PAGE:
The uninsured workers’ largest categories including cashiers, restaurant cooks, and servers, drivers, retail salespersons, and hotel workers, among others are the ones susceptible to COVID-19.
(Photo : Andrea Piacquadio on Pexels)

COVID-19 seems to have created a perfect storm for the roughly 27.5 million uninsured people of the United States.

These people tend to work in low-income service jobs from which they have a high risk of being exposed to COVID-19, but they don't have health insurance to cover the treatment should they get infected.

The U.S. is the lone industrialized country that does not have a universal health care system. Incidentally, the Trump administration, together with Congress, took an essential step towards the passage of the Family First Coronavirus Response Act, which offers free COVID-19 testing to uninsured workers.

According to the Act, particularly its Section 105, the National Disaster Medical System will repay the costs of COVID-19 diagnostic tests provided to people who do not have insurance.

But the test does not include anything else to cover the treatment's cost for those with the illness and need such a procedure. Those who are not insured are unduly possibly to live in poverty, said the US Census Bureau. 

Mostly Hispanic, Asian, African-American or Mixed-Race

Most of the uninsured people of America are aged 16 to 64 years old, and roughly 60 percent are African-American, Hispanic, Asian, or mixed-race. Based on the report of Bureau, about one in every three uninsured workers comes from the service jobs, compared with about one in every five workers in the US in general.

Moreover, it has been reported by The Kaiser Family Foundation that the uninsured workers' largest categories include cashiers, restaurant cooks, and servers, drivers, retail salespersons, and hotel workers, among others.

With this, service jobs typically involve regular or frequent contact with many people, making it more possible that uninsured workers are likely to be exposed to those who have COVID-19.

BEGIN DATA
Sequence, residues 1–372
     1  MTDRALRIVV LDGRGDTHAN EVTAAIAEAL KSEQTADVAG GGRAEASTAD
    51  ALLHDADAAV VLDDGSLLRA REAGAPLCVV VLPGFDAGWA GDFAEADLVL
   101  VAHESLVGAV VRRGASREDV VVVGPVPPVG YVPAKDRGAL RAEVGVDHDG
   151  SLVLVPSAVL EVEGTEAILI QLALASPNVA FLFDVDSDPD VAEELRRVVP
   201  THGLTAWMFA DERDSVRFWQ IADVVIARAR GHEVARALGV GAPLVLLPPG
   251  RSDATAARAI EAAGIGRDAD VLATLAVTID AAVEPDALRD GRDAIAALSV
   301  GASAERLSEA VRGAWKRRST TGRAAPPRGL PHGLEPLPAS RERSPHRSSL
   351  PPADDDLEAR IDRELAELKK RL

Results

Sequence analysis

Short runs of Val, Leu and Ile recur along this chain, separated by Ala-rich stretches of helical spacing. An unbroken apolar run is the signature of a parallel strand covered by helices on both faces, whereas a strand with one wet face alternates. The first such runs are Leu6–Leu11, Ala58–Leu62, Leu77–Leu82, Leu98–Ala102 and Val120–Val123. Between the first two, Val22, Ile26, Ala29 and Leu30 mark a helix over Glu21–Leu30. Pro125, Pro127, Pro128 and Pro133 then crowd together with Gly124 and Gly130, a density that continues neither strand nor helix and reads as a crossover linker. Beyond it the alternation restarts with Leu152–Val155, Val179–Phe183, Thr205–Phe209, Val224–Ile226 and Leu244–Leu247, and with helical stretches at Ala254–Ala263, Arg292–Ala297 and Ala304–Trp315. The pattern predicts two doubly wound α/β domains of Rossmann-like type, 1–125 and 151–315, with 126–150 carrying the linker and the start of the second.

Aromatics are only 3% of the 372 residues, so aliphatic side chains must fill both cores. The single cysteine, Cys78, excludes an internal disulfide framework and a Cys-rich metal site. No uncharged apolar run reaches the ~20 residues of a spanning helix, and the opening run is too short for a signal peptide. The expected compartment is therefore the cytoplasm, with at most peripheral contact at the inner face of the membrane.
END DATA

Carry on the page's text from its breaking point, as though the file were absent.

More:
Skipping the Necessary Medical Care

Even long before the occurrence of the COVID-19 pandemic, a study which the Federal Reserve conducted found that in 2018, 25 percent of the American adults were skipping the essential medical care as they could not afford the cost.

According to the Federal Reserve, roughly 40 percent of Americans that year were unable to cover an emergency cost of $400 with cash, credit card charge, or savings that they could pay off quickly.

It now makes sense, the same report presented, coming from a public health or an economic point of view for society to generate conditions that dishearten the workers from seeking COVID-19 treatment because they cannot afford to pay for it.

Meanwhile, in a report from Time on Friday, it indicated that Danni Askini, a woman of Massachusetts, was charged by a hospital there with over $34,000 for COVID-19 treatment.

She was said to be working "in-between jobs" and has secured an application for Medicaid for the retroactive coverage of her medical bills.

Based on the estimate of the Kaiser Family Foundation, the average cost of treatment for COVID-19, for an uninsured worker ranges between "$9,763 and $20,292."  Insured workers, on the other hand, generally pay a deductible amount of $1,000 to $6,000.

Check these out: